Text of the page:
When the surgeon has completed the cardiac repair, the heart is restarted, and the heart-lung machine is disconnected from the patient.
As the heart resumes beating, the anesthesiologist manages the drug therapy and intravenous fluid therapy to optimize the cardiac function.
III. ANESTHESIA FOR NEUROSURGERY (BRAIN SURGERY):
Intracranial (brain) surgery requires exacting maintenance of blood pressure, heart rate, and respiratory control. Prior to the surgery, the anesthesiologist inserts a catheter into the radial artery at the wrist, to monitor the patient’s blood pressure continuously, rather than relying on a blood pressure cuff. This enables the anesthesiologist to fine-tune the blood pressure, never allowing it to be too high or too low for an extended period of time. The anesthesiologist also inserts a catheter (a central venous catheter, or CVP catheter) into a large vein in the patient’s neck. The anesthesiologist uses this catheter to monitor the pressure inside the heart, and also to administer infusions of potent medications into the central circulation to raise or lower the blood pressure.
The anesthetic technique is designed to provide a motionless operating field for the surgeon. After the anesthesiologist anesthetizes the patient, he or she inserts the endotracheal tube into the windpipe. The patient is often hyperventilated, because hyperventilation causes the blood vessels in the brain to constrict, and makes the volume of the the brain decrease. The relaxed brain affords the surgeon more room to dissect and expose brain tumors or aneurysms.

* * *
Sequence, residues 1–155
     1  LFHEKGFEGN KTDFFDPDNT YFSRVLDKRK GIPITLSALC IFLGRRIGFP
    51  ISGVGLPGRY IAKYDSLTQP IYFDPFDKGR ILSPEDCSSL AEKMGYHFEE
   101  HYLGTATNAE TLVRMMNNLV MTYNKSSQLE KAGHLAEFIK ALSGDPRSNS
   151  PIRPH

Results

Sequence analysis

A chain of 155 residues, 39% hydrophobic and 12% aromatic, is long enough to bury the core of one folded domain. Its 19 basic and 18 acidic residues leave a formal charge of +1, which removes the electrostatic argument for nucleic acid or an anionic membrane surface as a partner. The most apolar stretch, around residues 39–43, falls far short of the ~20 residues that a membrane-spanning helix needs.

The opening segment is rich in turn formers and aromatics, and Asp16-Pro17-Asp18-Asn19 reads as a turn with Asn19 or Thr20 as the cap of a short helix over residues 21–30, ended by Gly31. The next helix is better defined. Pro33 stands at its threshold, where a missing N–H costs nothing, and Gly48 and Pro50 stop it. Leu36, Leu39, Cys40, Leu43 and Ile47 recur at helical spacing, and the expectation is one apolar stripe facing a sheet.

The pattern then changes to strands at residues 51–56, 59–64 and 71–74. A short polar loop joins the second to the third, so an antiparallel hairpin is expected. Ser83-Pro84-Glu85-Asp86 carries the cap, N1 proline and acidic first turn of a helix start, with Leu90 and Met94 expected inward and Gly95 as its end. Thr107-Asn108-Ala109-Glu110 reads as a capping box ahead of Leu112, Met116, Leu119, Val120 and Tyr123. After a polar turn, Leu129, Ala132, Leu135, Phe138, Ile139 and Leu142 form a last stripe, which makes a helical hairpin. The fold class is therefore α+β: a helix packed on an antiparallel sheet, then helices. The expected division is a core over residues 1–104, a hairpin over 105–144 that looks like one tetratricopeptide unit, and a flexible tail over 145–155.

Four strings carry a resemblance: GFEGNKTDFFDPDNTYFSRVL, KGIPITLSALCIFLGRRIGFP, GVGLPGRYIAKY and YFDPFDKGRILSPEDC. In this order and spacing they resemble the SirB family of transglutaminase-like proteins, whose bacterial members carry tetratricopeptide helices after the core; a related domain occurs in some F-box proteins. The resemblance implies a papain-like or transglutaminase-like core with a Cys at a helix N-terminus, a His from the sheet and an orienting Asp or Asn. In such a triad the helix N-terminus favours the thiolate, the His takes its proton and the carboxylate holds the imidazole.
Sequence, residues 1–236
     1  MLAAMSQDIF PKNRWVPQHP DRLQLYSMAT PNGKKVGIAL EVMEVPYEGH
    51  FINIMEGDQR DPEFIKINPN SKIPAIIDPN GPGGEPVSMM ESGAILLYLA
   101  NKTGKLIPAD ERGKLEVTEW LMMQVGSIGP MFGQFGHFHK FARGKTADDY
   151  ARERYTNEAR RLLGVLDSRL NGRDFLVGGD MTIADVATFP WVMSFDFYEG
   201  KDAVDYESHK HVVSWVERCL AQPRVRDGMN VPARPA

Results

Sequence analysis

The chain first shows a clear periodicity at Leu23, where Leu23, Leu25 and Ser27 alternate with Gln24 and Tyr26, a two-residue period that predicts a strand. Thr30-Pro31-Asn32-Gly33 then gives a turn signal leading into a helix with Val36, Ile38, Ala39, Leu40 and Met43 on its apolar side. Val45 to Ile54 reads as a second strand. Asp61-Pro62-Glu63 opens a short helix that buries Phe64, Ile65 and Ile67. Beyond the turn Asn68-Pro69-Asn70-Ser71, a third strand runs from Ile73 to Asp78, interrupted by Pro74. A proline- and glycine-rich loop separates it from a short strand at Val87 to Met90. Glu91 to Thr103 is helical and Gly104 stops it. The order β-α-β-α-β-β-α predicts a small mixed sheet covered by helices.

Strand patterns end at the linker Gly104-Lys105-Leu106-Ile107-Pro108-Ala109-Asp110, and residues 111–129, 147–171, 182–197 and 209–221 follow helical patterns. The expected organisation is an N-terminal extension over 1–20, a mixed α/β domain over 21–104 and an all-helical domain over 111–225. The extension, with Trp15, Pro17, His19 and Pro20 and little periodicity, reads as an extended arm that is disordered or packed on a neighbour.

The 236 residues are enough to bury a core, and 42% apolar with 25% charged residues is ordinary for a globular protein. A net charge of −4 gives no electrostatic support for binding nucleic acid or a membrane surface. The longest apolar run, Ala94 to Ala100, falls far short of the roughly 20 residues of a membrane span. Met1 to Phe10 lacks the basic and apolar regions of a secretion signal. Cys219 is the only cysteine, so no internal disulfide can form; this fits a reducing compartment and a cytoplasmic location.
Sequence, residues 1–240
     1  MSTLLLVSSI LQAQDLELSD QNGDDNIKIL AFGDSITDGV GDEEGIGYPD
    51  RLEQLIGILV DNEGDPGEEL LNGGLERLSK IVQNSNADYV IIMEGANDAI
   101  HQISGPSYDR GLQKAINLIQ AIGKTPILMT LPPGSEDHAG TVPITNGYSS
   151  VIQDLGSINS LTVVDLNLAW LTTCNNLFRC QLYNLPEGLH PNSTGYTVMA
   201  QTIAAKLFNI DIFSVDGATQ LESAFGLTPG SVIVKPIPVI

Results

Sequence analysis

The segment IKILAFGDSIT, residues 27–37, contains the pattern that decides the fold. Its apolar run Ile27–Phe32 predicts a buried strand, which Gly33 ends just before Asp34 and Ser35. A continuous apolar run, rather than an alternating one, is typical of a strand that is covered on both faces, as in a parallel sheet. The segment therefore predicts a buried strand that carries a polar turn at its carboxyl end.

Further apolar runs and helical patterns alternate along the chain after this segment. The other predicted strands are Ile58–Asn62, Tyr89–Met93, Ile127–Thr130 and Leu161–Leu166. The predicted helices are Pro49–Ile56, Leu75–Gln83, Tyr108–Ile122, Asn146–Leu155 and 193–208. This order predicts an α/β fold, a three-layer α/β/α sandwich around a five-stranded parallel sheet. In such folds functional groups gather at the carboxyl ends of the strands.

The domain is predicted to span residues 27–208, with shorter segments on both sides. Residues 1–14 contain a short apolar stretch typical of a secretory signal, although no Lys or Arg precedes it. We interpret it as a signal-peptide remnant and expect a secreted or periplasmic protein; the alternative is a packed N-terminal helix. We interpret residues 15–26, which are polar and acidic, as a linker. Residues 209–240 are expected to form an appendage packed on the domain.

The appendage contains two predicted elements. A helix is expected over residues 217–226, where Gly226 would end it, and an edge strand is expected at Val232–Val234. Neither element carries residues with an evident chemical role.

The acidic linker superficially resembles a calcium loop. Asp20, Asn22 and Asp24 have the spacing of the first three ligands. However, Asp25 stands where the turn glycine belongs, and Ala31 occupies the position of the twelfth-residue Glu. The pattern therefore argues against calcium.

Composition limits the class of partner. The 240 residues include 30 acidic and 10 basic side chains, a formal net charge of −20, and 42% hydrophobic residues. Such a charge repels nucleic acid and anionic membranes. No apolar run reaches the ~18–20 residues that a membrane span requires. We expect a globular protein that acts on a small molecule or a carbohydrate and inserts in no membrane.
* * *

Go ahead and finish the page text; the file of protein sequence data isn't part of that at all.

An important goal of the anesthetic is a quick wake-up at the conclusion of surgery, so that (1) normal neurological recovery of the patient can be confirmed, and (2) the patient is alert enough to maintain their own airway and breathe on their own. Most brain surgery patients spend at least one night in the intensive care unit (ICU) after surgery.
Published in September 2017: The second edition of THE DOCTOR AND MR. DYLAN, Dr. Novak’s debut novel, a medical-legal mystery which blends the science and practice of anesthesiology with unforgettable characters, a page-turning plot, and the legacy of Nobel Prize winner Bob Dylan.